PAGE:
Northwestern University

Feb
20
Wed 4:00 PM

Parallel Processing at the Mammalian Cone Photoreceptor Synapse

When: Wednesday, February 20, 2019
4:00 PM - 5:00 PM  

Where: Ward Building, 5-230, 303 E. Chicago Avenue, Chicago, IL 60611 map it

Audience: Faculty/Staff - Student - Post Docs/Docs - Graduate Students

Contact: Donna Daviston   312.503.1687

Group: Physiology Roundtables

Category: Lectures & Meetings

Description:

Steven H. DeVries, M.D., Ph.D.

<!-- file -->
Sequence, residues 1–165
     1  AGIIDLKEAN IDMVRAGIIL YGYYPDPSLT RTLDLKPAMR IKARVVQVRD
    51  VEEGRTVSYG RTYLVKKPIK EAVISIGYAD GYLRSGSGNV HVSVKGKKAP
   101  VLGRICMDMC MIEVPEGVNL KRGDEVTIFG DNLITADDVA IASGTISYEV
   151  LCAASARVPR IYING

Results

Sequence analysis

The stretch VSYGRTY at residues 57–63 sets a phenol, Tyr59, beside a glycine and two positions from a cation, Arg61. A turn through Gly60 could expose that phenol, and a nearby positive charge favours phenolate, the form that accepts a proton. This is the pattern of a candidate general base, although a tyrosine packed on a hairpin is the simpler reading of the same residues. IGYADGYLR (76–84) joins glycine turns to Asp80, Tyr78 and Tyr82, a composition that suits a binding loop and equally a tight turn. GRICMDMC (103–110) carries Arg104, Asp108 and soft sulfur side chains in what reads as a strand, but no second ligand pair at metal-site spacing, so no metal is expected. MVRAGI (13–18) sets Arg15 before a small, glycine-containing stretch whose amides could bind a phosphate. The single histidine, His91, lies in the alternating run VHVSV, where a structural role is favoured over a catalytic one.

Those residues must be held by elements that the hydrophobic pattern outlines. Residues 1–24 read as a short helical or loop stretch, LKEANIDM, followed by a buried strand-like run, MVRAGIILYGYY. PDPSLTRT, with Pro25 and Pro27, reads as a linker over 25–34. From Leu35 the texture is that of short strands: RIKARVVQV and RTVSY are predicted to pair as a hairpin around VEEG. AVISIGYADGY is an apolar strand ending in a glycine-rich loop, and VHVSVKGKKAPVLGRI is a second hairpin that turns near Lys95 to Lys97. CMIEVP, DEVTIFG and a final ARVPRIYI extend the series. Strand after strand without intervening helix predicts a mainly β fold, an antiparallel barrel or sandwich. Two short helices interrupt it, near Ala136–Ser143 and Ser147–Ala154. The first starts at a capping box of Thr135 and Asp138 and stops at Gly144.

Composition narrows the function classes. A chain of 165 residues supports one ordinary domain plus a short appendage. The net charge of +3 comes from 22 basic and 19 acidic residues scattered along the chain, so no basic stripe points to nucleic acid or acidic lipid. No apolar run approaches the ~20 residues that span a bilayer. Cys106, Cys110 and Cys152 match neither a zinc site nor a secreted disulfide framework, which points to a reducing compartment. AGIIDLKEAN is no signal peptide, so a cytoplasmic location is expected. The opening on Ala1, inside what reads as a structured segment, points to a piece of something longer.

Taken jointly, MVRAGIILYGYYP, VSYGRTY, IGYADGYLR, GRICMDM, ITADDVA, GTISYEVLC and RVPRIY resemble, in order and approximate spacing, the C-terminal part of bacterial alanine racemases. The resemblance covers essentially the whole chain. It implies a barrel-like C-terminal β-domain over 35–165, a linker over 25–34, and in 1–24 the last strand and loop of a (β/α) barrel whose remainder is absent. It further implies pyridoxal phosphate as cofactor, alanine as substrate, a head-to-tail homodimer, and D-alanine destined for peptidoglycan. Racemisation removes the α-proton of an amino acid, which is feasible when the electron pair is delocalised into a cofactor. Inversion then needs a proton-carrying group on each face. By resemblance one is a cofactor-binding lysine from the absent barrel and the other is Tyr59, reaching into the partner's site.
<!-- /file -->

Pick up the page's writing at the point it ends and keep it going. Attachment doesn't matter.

In order to encode incident light over a wide intensity and temporal frequency range, cone photoreceptors have a high energy throughput. However, it is a general principle that signals are represented with greater energetic efficiency when carried by more units signaling at lower rates. Hence, one of the first steps in signal processing in the visual system involves the sorting of cone signals into 12-14 parallel bipolar cell pathways. Under conditions of daylight, the cone outer segment converts the light from a visual scene into a time-varying membrane voltage signal, which is then re-encoded as a rate of vesicle release at the cone synapse. The spatiotemporal glutamate gradient in the cone synaptic cleft is then sampled by the dendritic contacts of more than 12 different bipolar cell types. My lab focuses on how differences in sampling produce different signals in the five types of Off (ionotropic glutamate receptor-expressing) bipolar cells. Using a combination of cell pair recording, super-resolution microscopy, and rapid receptor perfusion, I identify a threshold-based strategy in which the individual Off bipolar cell types respond to cone transmitter release and encode the visual signal over different light decrement ranges. I examine the mechanisms that underlie the threshold response differences. Differences in response threshold result from type-specific distances between ribbon vesicle release sites and the sites of bipolar cell cone contacts, the precise number of contacts that each bipolar cell makes with a cone, the glutamate affinity of the different kainate and AMPA receptors on the Off bipolar cell types, and the localization of glutamate transporter plaques on the cone terminal surface. The response differences that arise at the cone synapse are further modified by bipolar cell type-specific voltage-dependent membrane currents and amacrine cell inputs to produce the excitatory output that drives the responses of the different retinal ganglion cell types.

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